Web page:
And they want to know that their bandwidth is high, and that’s great.
So we were getting graphs to show that.
And that’s what we did.
We basically generated a bunch of metrics, and a bunch of graphs, to go to our managers and say, “Okay, hey, Manager A, you are really concerned on AWS cost.
Here’s our AWS costing stuff.”
“Hey, Manager B, you’re really, really interested in the way in which the platform interacts with a single user.”
“Hey, Manager C, you really, really want to see mobile usage stats, and how much traffic, and how much engagement we’re getting.”
The important thing there was to be able to do those graphs quickly and effectively, so using the APIs to generate the graphs.
The whole thing about being able to generate graphs from Terraform, that was awesome, by the way, earlier on.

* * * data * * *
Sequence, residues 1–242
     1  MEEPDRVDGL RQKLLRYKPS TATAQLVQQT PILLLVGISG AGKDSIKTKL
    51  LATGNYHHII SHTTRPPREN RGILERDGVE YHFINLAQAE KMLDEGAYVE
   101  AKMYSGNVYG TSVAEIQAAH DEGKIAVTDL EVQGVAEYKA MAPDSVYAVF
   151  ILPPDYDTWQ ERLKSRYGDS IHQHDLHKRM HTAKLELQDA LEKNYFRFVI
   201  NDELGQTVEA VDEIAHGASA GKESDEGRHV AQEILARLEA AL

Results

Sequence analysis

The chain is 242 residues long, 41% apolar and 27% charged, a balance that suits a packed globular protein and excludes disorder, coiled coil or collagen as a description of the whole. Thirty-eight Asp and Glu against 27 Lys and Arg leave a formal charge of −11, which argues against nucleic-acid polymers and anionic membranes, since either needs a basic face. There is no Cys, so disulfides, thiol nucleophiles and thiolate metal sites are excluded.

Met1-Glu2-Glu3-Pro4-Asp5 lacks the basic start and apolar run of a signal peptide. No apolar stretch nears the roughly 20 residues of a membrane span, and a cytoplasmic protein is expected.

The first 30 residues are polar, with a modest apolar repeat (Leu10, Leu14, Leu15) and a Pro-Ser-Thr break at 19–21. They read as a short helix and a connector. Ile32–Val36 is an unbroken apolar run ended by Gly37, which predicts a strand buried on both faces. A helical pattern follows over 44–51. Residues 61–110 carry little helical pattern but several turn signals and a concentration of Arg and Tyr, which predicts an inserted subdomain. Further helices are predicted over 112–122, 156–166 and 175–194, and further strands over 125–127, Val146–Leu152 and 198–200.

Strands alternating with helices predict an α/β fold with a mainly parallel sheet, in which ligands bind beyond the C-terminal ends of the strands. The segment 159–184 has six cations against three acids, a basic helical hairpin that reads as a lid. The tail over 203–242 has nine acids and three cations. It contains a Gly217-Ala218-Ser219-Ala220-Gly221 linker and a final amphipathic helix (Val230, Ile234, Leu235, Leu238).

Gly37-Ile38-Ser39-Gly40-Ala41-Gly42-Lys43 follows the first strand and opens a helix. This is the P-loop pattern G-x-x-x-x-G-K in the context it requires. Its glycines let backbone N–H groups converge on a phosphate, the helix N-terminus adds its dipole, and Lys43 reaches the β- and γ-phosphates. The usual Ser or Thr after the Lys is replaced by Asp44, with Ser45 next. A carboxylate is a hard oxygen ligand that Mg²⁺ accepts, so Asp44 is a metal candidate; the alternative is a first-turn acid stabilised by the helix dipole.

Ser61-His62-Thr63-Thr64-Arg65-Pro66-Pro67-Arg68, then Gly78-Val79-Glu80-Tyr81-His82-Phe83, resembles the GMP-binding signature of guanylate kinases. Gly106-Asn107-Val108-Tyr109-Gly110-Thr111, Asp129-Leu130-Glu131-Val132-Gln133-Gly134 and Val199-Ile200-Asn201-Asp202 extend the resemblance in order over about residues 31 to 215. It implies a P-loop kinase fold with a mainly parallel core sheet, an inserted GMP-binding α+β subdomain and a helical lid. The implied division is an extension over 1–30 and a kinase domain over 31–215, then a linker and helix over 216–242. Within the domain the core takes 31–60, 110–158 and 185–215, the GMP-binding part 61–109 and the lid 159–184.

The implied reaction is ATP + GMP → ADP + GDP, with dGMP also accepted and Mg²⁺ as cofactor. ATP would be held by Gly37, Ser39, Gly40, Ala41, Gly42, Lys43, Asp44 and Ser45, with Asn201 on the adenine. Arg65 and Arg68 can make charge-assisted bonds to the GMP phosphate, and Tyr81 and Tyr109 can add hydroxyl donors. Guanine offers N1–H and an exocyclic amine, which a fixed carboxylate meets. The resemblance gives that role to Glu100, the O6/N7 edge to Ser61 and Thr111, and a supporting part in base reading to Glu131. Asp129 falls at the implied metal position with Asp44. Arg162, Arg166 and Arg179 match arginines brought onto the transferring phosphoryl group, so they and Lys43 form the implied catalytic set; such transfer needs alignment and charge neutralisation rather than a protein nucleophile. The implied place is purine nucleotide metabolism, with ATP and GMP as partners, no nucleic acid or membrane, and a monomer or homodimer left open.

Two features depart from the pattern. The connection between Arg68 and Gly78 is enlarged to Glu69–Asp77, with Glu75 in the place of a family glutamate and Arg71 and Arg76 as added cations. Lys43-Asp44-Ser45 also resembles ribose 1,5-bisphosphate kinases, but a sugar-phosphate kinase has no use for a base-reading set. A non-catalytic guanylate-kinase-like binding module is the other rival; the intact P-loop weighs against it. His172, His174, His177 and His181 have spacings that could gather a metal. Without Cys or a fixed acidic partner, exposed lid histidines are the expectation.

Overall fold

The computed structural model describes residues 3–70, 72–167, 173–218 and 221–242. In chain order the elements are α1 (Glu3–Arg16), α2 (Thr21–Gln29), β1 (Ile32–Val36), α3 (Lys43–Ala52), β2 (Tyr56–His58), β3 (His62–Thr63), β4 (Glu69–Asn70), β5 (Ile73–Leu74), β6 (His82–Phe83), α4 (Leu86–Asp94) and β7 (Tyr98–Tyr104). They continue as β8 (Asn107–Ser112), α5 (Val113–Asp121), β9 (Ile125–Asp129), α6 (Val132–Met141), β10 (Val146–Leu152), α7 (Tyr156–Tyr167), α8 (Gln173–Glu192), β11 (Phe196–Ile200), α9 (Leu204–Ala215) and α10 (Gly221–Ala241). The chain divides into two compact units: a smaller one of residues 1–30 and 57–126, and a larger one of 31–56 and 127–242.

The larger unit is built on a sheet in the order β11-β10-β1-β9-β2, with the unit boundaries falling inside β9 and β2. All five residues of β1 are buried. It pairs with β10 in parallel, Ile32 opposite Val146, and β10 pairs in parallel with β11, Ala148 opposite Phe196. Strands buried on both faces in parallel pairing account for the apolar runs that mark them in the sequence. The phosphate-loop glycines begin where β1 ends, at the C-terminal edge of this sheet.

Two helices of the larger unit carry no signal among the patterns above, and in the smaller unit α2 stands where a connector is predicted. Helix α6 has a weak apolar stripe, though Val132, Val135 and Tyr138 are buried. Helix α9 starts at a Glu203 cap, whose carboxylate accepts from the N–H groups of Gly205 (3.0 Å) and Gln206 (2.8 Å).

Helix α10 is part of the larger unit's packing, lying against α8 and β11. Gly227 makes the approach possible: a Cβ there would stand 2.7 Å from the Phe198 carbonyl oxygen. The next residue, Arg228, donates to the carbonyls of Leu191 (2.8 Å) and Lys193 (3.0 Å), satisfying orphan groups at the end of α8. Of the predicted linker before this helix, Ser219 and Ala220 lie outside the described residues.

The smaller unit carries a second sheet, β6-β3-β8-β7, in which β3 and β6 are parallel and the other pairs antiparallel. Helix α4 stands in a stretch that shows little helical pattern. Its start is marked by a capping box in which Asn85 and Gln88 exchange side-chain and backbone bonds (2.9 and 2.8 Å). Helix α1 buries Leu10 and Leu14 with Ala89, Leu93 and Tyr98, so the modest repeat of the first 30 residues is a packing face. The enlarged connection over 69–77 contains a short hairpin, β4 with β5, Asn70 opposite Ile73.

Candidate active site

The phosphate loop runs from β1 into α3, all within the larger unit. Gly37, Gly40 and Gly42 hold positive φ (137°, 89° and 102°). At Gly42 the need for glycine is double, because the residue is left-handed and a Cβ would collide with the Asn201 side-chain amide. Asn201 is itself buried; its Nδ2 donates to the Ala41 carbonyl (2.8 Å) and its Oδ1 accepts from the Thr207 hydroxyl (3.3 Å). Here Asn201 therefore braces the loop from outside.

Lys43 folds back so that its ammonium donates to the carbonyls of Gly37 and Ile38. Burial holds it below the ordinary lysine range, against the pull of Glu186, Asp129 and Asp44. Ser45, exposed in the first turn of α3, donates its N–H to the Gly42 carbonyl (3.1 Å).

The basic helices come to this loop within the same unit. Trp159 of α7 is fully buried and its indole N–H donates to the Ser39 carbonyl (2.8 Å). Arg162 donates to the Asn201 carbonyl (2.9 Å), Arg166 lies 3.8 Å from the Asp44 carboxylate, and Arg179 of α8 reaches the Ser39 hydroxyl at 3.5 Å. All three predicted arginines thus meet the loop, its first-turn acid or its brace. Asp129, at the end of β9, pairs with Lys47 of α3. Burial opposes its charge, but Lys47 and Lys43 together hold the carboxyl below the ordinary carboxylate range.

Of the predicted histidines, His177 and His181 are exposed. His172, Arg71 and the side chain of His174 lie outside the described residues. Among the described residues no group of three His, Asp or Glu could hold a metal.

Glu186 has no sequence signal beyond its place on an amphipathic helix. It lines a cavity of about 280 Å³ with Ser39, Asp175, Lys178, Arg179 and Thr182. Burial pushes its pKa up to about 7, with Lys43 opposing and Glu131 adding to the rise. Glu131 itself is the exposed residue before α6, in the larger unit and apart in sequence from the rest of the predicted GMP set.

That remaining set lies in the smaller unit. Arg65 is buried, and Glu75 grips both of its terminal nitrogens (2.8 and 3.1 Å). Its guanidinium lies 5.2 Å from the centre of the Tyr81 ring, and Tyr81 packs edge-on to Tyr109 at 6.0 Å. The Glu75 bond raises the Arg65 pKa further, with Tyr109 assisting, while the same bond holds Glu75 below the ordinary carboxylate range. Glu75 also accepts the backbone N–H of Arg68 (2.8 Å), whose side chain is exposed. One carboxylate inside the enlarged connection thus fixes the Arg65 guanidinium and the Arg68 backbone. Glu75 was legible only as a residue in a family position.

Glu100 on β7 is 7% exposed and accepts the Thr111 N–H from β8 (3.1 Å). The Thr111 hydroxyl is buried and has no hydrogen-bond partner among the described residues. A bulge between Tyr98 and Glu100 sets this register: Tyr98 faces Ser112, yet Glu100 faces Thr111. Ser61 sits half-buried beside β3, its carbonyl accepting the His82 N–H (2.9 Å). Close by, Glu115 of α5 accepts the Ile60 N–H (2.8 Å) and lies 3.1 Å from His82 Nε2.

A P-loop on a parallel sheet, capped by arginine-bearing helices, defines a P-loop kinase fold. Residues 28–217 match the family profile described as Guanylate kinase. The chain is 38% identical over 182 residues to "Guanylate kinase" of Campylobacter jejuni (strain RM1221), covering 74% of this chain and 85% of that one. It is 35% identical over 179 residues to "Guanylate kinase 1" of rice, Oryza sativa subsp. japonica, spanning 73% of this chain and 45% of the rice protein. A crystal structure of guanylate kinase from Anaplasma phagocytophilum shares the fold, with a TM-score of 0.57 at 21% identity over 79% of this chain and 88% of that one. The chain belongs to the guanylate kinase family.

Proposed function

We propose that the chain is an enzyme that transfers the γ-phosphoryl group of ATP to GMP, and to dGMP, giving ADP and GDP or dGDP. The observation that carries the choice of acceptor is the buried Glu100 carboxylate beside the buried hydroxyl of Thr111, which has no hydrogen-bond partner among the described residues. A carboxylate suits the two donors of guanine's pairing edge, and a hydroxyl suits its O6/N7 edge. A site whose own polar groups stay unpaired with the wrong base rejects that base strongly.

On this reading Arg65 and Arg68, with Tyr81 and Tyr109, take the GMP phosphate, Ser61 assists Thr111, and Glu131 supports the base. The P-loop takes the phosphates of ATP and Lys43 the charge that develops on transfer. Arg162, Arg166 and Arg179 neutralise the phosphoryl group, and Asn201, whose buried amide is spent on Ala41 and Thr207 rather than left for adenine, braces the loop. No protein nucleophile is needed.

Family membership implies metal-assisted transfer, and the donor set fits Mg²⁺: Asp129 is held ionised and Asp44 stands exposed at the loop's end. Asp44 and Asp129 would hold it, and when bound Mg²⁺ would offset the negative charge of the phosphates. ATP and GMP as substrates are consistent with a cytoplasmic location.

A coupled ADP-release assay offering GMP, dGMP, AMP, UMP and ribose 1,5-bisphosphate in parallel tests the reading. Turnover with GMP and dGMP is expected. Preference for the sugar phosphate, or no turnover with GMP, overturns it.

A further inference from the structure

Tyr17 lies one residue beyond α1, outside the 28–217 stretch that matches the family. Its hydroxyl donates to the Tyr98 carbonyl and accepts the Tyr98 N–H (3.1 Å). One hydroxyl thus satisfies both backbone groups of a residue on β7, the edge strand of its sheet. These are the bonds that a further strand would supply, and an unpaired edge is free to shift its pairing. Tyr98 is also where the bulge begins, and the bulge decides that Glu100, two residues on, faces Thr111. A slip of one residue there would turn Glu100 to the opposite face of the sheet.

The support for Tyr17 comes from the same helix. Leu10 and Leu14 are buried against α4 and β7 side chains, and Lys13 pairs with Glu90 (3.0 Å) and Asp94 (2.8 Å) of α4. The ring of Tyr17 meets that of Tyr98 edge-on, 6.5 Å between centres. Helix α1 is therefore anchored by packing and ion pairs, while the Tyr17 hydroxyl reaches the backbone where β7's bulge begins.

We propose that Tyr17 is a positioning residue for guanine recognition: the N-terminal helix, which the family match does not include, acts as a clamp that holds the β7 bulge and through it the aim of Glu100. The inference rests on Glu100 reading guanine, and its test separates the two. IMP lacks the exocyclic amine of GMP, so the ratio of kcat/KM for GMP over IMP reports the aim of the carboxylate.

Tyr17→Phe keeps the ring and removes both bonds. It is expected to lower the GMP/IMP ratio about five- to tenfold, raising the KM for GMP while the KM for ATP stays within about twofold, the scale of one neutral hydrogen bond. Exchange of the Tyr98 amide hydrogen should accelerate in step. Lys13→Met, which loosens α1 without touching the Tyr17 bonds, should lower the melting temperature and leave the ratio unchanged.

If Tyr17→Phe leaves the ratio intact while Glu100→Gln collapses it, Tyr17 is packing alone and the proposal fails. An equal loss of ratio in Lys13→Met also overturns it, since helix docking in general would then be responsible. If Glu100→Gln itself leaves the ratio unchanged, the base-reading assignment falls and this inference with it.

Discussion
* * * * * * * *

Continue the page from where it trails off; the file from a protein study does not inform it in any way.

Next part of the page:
Thank you, that was amazing.
That really…that’s something that, if we don’t take that away today, like, please start thinking about that in the next two, three, four days, not weeks.
Monitoring that allows you to be proactive
And show that your monitoring and your tooling can allow you to be proactive.
We really need to be proactive in what we’re doing.
Because, I don’t know about anybody else here, but I hate being woken up at 3 in the morning.
Because some system, that really honestly doesn’t need to be up, is telling me that it’s not up.
And, ah, I could have told you that yesterday.
If you had told me that we were at 60% of CPU usage when we were doing this one thing, and somebody told me that they were going to load another file.
So the pressure zones that came out of that.
How do we manage deployments?
What are the toolset constraints?
Where’s the automation?
Because DevOps doesn’t work without automation.
We don’t work without automation.
Unless we want to turn all of engineering into, like, our stuff, and just have a tiny engineering department.
Monitoring helps control costs
And then the last thing, and this was really important for us because we were post-acquisition, what does the actual infrastructure cost?
We went from a privately held company, of around about 100 people, to a publicly held company, of about 600 people.